LITTLE BIGHORN BATTLEFIELD NATIONAL MONUMENT — In two cramped rooms in the basement of the visitor center at the Little Bighorn Battlefield National Monument, treasures are everywhere.
In drawers and filing cabinets, on shelves and in display cases, there are nearly 120,000 priceless artifacts, documents and books.
There is a large parchment commission, dated 1861 and signed by President Abraham Lincoln, appointing George A. Custer a second lieutenant in the Army's second regiment of cavalry. There is a 7th Cavalry silk guidon, carried off by the victors at the Battle of the Little Bighorn on June 25, 1876, and recovered a few months later at the Battle of Slim Buttes.
There are guns and knives, boots and canteens, buttons, belt buckles, spurs and ribbons, original photographs, shell casings, military records, hundreds of rare books and Native American accoutrements and sacred items. There is even Custer's "U.S. Army suspensory bandage," more commonly known today as an athletic supporter.
In "Stricken Field: The Little Bighorn Since 1876," the historian Jerome Greene called the battlefield's collection "perhaps the single most important repository of historic objects, art and documentary materials relating to the Battle of the Little Bighorn and the Indian Wars of the trans-Mississippi West."
Unfortunately, the storage space is as inadequate as the collection is important. There is no fire protection system, no special climate control, exposed plumbing, far too little space and no access for people with disabilities.
As a result, the National Park Service is considering moving the collection, at least temporarily, to another location, possibly out of state.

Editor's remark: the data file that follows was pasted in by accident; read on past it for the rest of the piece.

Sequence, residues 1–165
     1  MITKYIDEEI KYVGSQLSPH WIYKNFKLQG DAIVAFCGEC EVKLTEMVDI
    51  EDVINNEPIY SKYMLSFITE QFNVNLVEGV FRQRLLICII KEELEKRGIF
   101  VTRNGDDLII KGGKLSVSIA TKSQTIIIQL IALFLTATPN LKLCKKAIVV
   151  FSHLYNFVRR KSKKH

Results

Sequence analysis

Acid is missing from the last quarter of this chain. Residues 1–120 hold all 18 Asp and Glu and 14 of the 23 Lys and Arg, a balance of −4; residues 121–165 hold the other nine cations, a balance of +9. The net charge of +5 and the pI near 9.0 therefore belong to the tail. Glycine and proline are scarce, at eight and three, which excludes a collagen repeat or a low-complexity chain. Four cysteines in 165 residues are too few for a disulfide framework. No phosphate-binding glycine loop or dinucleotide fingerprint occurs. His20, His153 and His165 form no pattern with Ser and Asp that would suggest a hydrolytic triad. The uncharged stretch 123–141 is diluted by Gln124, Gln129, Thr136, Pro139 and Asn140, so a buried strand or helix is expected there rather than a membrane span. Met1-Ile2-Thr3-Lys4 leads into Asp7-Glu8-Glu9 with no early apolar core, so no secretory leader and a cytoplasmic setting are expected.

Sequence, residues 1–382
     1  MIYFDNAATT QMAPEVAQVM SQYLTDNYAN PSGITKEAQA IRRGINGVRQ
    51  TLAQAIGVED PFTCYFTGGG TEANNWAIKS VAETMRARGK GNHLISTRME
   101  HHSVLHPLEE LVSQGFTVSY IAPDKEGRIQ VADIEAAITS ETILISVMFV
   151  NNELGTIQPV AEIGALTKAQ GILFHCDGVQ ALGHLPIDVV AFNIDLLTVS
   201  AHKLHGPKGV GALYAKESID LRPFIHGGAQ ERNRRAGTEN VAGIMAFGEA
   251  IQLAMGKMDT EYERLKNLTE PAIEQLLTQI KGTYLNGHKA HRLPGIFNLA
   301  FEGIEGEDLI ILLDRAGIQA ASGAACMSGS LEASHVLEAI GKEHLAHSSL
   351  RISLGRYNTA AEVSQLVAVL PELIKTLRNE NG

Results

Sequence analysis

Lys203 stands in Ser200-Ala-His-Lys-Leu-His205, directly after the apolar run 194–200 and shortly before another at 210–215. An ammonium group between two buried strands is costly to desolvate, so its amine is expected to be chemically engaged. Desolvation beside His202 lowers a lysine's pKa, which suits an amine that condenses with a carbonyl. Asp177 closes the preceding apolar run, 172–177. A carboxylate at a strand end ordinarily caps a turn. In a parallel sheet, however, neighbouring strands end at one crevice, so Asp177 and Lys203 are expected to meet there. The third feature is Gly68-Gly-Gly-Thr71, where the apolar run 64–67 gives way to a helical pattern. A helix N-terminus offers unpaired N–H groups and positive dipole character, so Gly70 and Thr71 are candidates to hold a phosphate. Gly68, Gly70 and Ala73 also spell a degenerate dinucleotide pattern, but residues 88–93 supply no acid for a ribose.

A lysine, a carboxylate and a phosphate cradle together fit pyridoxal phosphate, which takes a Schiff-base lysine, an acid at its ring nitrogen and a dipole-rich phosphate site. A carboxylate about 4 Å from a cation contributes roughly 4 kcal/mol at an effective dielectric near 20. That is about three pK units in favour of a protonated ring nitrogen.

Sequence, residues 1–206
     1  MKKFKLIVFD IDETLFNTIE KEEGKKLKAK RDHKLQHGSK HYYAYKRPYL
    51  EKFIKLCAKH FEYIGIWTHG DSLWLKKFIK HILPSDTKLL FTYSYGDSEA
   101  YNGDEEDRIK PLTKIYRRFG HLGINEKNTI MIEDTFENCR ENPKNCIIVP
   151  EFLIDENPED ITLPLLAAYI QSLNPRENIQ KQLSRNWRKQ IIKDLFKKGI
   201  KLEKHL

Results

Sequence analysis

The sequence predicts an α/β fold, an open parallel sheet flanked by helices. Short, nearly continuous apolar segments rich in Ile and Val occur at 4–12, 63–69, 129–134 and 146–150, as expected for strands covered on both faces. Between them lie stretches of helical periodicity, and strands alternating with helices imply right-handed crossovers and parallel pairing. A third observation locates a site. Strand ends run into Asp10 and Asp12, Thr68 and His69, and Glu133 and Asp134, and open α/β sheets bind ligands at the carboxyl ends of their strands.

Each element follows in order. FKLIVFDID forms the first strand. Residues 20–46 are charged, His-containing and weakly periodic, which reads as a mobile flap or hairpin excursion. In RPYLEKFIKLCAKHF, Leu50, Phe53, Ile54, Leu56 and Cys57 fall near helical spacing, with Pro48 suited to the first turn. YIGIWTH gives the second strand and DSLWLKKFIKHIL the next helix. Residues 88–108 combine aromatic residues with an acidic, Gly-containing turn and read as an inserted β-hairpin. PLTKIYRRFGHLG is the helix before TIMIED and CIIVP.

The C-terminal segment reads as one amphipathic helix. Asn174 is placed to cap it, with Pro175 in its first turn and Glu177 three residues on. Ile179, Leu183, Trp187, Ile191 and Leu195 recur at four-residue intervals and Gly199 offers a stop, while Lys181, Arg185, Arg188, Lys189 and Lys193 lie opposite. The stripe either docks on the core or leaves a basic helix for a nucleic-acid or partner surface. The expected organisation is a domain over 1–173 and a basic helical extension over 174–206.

It might seem like the most logical solution would be to expand the existing museum and collection space, or to build a new visitor center. But as battlefield Superintendent Kate Hammond says, "If there were an easy solution, it would have been done."
Hammond said problems with the collection have been apparent at least since 1986, when a general management plan for the battlefield identified four critical issues: the condition of the collection, the need for a new visitor center, the need to expand park boundaries, and crumbling roads and inadequate parking.
The plan called for building a new visitor center in the Little Bighorn Valley, where the battle began, and demolishing the existing building on Last Stand Hill. But a new center, with a new museum and collection storage, can't be built unless the park boundaries are expanded from 765 acres to more than 11,000. Dealing with roads and parking also hinges on doing something about the visitor center first.
The Crow Tribe has resisted efforts to enlarge the park, and political controversy scuttled plans to expand the existing visitor center in 2008. Because the intertwined issues in the management plan have proved intractable, nothing substantial has changed at the battlefield since the plan was drawn up.
"It's not OK to live another 25 years like this," Hammond said. "Things are getting worse."